This is Not My Hat: A Review

December 29, 2012

~posted by Ruth

This is Not My Hat by Jon Klassen

“This hat is not mine.  I stole it.”  These simple opening words to Jon Klassen’s new picture book set up the premise of yet another stolen hat story.  Not exactly a sequel to I Want My Hat Back, this book builds on the same kind of visual humor and deadpan writing that made the first book an instant classic.  Simple, dramatic tension and a kind of young people’s version of gallows humor makes the new tale simply hysterical.  Taking place under the sea, the pictures conjure up a variety of deep-water creatures, and one BIG sleeping fish who has had his little blue derby stolen by the narrator.  But he probably won’t wake up for a long time. . .or will he?  I particularly love the little crab who is quite expressive with his eyes–maybe too expressive for the little fish’s good?  Fun for everyone, from young readers to ironic teens to adults–and a great conversations starter to have around for the holidays and New Year.

Interview Your Own Little Reader/Writer, Year 2

December 22, 2012

-posted by Meghan

Last year I interviewed Molly and Jacob (when they were 4 1/2) about why people should read, who their favorite writer was and what their favorite book was.  It was so much fun that I decided I’d do it every year.  So,  couple of months ago, I interviewed them again, to see how their answers changed in a year.  It was interesting to see where they were the same, and where they are beginning to change.  If you’ve never interviewed your own kids (biological, or in the classroom), I’d love to suggest this as a great way to end the year, or kick off the new year, and keep it as a tradition! Here’s what I got from my 5 1/2 year olds…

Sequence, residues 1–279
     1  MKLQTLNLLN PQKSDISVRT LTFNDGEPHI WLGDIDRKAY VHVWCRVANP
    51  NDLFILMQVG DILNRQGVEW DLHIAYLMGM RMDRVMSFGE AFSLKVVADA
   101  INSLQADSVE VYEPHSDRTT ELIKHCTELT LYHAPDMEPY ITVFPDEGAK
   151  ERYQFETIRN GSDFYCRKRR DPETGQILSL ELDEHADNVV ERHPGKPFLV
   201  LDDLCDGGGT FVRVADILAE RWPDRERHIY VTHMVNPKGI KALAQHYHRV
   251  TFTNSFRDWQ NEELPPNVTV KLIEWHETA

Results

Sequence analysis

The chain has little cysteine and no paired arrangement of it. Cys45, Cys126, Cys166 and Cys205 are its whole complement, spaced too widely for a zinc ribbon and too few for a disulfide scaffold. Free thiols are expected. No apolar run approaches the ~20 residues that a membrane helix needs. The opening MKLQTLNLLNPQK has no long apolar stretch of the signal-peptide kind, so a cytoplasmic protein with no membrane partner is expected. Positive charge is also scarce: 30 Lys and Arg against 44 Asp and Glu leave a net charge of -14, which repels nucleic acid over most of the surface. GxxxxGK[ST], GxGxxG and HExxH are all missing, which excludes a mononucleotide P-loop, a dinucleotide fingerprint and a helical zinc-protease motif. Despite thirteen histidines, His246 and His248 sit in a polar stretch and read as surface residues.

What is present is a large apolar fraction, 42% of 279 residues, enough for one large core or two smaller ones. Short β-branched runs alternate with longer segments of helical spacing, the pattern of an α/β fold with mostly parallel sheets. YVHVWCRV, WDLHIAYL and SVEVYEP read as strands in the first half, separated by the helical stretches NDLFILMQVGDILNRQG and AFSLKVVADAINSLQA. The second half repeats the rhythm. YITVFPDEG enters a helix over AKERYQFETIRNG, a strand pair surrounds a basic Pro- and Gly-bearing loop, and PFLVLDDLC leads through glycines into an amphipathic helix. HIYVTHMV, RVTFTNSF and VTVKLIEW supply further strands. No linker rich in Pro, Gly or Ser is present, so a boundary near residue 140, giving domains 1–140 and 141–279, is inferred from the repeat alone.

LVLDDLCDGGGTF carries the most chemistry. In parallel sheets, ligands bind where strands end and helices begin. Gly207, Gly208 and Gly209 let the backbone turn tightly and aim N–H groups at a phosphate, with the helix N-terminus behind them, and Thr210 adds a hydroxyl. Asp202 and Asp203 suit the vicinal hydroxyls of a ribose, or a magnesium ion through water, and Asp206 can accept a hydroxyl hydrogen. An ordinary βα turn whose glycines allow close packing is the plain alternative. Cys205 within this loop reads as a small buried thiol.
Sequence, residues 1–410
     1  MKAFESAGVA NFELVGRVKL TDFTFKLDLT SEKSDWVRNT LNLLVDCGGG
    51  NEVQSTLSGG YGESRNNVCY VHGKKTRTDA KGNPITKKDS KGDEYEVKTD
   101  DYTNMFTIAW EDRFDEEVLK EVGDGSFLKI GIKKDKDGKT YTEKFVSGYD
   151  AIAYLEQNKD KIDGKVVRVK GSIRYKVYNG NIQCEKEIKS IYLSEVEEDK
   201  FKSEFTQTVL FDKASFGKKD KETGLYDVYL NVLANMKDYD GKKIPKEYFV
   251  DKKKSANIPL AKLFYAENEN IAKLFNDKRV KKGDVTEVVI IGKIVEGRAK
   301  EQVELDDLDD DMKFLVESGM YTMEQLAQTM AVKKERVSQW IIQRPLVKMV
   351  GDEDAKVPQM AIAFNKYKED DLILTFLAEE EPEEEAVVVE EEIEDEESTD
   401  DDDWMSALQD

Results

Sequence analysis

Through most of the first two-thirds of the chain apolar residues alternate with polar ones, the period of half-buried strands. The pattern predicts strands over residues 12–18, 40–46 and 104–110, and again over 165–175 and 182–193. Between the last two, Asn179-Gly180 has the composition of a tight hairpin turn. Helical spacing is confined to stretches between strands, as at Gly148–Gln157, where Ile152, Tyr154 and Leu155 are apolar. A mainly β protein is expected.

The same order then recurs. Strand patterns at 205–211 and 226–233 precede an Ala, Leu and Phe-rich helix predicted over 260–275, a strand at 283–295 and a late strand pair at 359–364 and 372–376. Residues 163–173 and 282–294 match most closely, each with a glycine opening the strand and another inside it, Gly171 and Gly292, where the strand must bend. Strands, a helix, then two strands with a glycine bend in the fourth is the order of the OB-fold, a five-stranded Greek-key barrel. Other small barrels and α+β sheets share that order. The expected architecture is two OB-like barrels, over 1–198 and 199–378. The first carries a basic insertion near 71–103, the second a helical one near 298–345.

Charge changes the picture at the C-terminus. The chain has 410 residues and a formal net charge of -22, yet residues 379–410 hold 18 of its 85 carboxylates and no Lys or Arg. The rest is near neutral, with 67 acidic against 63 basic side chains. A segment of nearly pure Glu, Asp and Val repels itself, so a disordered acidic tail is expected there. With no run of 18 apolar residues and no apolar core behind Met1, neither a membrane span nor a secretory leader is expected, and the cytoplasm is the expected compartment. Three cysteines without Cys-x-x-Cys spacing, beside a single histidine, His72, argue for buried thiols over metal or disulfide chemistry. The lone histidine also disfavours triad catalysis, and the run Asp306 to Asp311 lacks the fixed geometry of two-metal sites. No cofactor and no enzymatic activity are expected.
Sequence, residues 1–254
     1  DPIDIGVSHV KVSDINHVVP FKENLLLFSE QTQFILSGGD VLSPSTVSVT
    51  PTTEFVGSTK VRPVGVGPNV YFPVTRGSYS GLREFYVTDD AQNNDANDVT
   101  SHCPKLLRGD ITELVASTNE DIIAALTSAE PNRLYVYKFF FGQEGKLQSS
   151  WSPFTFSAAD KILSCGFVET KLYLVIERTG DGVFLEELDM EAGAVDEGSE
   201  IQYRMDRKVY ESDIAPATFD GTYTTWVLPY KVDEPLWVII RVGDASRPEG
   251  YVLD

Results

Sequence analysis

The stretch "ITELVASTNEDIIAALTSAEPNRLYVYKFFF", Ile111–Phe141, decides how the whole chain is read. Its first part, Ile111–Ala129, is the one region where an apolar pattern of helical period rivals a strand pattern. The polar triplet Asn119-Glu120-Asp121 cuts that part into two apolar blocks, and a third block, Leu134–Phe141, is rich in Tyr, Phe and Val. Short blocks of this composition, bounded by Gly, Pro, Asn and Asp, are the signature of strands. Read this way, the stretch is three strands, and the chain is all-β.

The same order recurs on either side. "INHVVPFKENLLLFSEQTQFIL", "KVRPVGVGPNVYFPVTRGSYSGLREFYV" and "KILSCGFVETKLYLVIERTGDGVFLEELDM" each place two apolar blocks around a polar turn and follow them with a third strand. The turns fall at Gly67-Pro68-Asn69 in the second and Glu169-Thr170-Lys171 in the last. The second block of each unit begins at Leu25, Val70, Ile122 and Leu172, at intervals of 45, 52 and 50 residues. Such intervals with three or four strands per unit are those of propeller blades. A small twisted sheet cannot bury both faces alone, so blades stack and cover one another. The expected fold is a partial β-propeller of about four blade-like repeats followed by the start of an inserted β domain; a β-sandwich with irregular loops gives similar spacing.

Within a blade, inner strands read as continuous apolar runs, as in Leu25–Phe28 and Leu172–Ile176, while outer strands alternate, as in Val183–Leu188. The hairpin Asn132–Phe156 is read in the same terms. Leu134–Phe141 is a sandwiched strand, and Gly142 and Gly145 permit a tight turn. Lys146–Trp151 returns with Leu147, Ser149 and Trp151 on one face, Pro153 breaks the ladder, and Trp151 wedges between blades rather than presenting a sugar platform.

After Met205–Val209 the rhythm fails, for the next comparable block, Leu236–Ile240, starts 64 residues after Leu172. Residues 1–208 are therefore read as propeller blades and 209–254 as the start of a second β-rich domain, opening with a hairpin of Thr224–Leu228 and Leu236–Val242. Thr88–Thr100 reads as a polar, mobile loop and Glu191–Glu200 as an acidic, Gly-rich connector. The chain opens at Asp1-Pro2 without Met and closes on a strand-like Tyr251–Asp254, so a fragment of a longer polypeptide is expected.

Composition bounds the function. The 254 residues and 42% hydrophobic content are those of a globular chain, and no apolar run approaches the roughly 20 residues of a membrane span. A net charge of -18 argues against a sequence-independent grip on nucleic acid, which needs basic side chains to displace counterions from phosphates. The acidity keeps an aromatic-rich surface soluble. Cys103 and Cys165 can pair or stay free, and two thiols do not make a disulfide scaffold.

Molly, why do you think people should read?
Because it helps them learn what signs, and in books there are sometimes signs, so about transportation, and transportation means roads and signs are on roads, so they need to learn how to write.  And read.

Why should people read books?
Because books are really good, because they have lots of pictures and the grownups can read the words and the kids are going to learn to, but the grownups reading when they get older and older.

Do you like it when Mommy reads to you?

Are you looking forward to being able to read to yourself?

Who is your favorite writer?
You and Daddy.

Who is your favorite writer of books that you have on your bookshelf?  Of kids books?
Listen to My Trumpet.  Because it goes BLLARK and that’s not really music.

Who are the characters in Listen to My Trumpet?
Elephant and Piggie.

What is it you like about that book?